However, the most important accomplishment of the Serbs in the U.S. and Canada in the ‘20s was the establishment of the American-Canadian Diocese of the Serbian Orthodox Church. This was the fruit of a long gradual process initiated when the Serbs established their first churches on the continent and completed in 1921. After spending some time in America, Dr. Nikolaj Velimirovic, Bishop of Ohrid, submitted a “Report on the Situation, Needs and Wishes of the Serbian Orthodox Church in the United States” – to the Holy Synod. This report is the best and most detailed assessment of the status of Serbian churches in colonies in North America at that time. The document concludes with a proposal to incorporate the Serbian Orthodox Church in America into the Serbian patriarchate, elect a Bishop for the new diocese and request support of the Diocese from the Royal Government. The new diocese was founded in September of 1921. Its seat was in Chicago, but the first America-Canadian Bishop, Archimandrite Mardarije Uskokovic, was officially elected only in 1925.

Archimandrite Mardarije Uskokovic

Archimandrite Uskokovic’s position as administrate was contested by some clergymen of the Serbian Orthodox Church, who sought to prevent the consolidation of the Diocese under the jurisdiction of the Church in Belgrade. In this respect, the consistent support given to Archimandrite Mardarije by the Yugoslav consuls – Bozidar Puric and especially Radoje Jankovic was very much appreciated.  Archimandrite Mardarije had begun efforts to purchase land for the first Serbian monastery in North America – the founding of the Monastery of St. Sava was his lifelong dream. The land for the monastery in Libertyville (Illinois) was consecrated in 1923, but the building of the monastery would take a lot more effort and persistence.

Bishop Mardarije’s effort to organize the Diocese and build the monastery faced resistance from many in the Serbian community: if it were not for the support of the people and friends who shared his far-reaching vision – especially individuals such as Mihailo Pupin, Radoje Jankovic, and others – the mission of Bishop Uskokovic would never have become a reality. In a sermon delivered in September of 1927, Bishop Mardarije said:

We are facing great responsibilities and efforts. We must build a common home and defend an idea that stands for humanity, our nation and our state in the best sense of the word. I invite you to take action and overcome all the obstacles you will encounter on your path. I urge you to stand firm against those who seek to denigrate the Holy Orthodox Faith, our Faith, and our national identity, which we have cherished so dearly. Declare war to those who seek to destroy what is holiest to the people. Keep your spirit alert, rise and take action because faith in our efforts will protect us from ruin. [Dragutinovic: 67]

Dr. Bozidar Puric, who had been a diplomatic representative of Yugoslavia in the U.S. during those years of trials and hardships, described Bishop Mardarije as a man dedicated to his mission:

In the new era that was being born in cement and steel, surrounding us like the walls of a prison, his only mission was to live the exemplary life, to renounce everything, first of all to renounce his own self…It seemed as if Christianity for him [Bishop Mardarije] was a question of persona. Conscience, the virtue of being pure, of submitting oneself to the rule of sublime monastic morals and ethics…He was a monk without hypocrisy, without a hint of envy or hate, devoid of vanity. He had no problem with understanding people Ann forgiving them, he was goodness unaffected by passion. It seemed that his practical philosophy of life was sincere and simple. Physically attractive, moving in a lively manner, unreal like a dream…[Puric: 176]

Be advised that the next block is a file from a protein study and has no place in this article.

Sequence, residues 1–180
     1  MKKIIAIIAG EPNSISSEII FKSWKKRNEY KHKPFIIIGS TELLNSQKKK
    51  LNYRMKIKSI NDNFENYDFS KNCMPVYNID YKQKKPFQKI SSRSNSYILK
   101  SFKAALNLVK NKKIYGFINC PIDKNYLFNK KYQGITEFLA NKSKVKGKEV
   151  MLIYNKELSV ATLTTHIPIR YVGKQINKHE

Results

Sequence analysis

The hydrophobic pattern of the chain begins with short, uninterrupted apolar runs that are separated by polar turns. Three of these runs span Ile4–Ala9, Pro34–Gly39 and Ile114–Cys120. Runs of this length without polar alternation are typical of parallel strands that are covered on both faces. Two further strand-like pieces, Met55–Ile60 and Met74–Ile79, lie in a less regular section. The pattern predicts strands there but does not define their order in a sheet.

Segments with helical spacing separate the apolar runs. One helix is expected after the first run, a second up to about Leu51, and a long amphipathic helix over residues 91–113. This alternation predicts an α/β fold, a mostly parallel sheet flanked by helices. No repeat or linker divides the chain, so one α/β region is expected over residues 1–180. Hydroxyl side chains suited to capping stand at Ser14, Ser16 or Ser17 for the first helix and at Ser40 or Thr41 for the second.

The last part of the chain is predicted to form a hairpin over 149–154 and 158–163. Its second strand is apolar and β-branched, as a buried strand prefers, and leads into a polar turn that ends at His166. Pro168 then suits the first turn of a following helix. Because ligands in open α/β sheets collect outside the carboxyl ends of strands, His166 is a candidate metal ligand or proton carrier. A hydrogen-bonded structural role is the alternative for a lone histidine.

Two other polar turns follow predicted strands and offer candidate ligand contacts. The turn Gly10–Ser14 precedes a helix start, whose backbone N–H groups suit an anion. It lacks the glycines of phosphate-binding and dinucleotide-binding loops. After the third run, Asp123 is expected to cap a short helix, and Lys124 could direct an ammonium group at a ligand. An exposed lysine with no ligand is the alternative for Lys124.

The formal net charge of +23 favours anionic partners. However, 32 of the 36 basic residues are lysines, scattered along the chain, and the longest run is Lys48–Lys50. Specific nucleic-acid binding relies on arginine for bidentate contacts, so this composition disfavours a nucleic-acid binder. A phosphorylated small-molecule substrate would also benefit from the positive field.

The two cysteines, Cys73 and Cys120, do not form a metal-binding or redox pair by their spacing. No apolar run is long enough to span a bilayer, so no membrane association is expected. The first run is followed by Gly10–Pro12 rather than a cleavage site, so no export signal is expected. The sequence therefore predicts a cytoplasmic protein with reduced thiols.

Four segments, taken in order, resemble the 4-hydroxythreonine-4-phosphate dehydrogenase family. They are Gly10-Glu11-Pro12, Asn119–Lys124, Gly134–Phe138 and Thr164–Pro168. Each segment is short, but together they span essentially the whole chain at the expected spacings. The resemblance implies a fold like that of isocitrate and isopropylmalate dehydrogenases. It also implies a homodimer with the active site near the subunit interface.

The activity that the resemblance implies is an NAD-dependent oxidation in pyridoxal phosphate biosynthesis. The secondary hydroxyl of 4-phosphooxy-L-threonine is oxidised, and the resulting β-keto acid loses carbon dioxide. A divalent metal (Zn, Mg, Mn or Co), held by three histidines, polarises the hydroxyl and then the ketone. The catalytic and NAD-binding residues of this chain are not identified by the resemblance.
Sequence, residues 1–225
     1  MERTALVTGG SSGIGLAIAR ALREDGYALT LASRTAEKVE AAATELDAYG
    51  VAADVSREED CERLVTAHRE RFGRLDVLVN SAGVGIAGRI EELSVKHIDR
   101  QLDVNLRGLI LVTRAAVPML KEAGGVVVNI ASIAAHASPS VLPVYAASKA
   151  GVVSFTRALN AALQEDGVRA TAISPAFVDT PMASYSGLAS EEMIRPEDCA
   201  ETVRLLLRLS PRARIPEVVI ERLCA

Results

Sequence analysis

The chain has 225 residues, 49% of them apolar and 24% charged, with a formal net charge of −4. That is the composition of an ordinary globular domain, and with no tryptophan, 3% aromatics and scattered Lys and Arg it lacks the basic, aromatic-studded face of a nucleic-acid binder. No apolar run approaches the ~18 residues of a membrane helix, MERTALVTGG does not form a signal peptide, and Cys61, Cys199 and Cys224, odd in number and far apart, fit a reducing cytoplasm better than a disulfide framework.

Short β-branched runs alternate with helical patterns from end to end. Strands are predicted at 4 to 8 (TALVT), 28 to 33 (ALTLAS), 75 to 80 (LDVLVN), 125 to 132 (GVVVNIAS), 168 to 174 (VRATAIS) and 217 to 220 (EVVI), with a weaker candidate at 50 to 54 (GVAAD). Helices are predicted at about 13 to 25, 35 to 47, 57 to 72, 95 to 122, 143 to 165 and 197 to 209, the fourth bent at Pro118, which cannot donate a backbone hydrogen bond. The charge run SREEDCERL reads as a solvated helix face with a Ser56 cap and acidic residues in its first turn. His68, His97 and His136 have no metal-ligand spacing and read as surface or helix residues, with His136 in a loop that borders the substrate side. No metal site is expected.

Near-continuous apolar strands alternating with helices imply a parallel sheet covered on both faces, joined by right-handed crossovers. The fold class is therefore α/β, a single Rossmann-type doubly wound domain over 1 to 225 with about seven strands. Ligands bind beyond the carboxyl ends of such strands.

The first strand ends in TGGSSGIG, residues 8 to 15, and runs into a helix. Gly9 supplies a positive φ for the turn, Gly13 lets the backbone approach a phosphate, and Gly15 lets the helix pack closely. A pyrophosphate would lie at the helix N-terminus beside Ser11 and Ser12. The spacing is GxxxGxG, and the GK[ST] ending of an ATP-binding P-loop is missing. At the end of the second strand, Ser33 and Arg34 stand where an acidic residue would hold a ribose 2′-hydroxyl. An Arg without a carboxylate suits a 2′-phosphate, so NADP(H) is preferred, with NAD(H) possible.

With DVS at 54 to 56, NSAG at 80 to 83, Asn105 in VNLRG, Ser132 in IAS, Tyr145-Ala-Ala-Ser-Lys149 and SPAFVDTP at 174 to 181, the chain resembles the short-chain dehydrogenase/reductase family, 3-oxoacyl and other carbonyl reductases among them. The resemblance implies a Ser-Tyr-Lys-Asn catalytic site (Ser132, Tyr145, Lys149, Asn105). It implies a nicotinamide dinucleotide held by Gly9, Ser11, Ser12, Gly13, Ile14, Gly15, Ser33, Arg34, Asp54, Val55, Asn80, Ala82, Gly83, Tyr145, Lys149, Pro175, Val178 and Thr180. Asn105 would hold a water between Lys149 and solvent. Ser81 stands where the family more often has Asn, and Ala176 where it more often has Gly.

Many years after Bishop Uskokovic’s death, on the 30th anniversary of the St. Sava Monastery in Libertyville, the cemetery, and the Children’s Camp, Dr. Nikolaj Velimirovic expressed the gratitude of the Serbian people to this extraordinary man for fulfilling the dream of a common Serbian Orthodox home in Libertyville:

Archimandrite Mardarije Uskokovic

Like three strings on a musical instrument, whichever you strike touches the heart of a Serb. Such is the – now famous – Monastery of Saint Sava in Libertyville, in the midpoint of the American continent. The first string is the St. Sava Church itself, the second, the Monastery cemetery, the third, the Children’s Summer Camp. A string of prayer, a string of grief, and a string of joy. [Velimirovic: 5]

The Serb National Federation would support the Monastery of St. Sava and the Children’s Camp for many years to come, recognizing the extreme importance of St. Sava in Libertyville for Serbdom in America. This is only one example of the far-reaching visions of Serbian American pioneers, the extraordinary men who were capable of breaking the resistance of those immersed in the power wrangling of the day in order to set the foundations for the future. Such were the men whose achievements in the past serve as an inspiration for men of mission today

Next Installment:  Pupin’s Dream Comes True

Dr. Krinka Vidakovic Petrov

About the author: Award winning Dr. Krinka Vidakovic Petrov was a Senior Research Fellow at the Institute of Literature and Arts in Belgrade, has been affiliated with the University of Pittsburgh, is a renowned scholar and diplomat, and has authored several books and numerous articles in literature and history. She is a Belgrade native and holds a PhD in Comparative Literature from the University of Zagreb. In addition to her books Serbian Americans: History. Culture. Press, From the Balkans to the Pacific: Serbian American Culture and Literature, The Great War 1914-1918: The Kingdom of Serbia, the United States of America and the Serbian American Diaspora, and Essays in Comparative Folklore, she has co-authored several language textbooks, and published in professional journals in at least six countries including the United States and the former Yugoslavia. She is a past editor of the English section of the American Srbobran. Dr. Petrov researched, compiled and served as managing editor of the Serb National Federation centennial book Serb National Federation First 100 Years 1901-2001, in which this article "The Serb National Federation: Champion of Serbdom in America" was originally published in its entirety.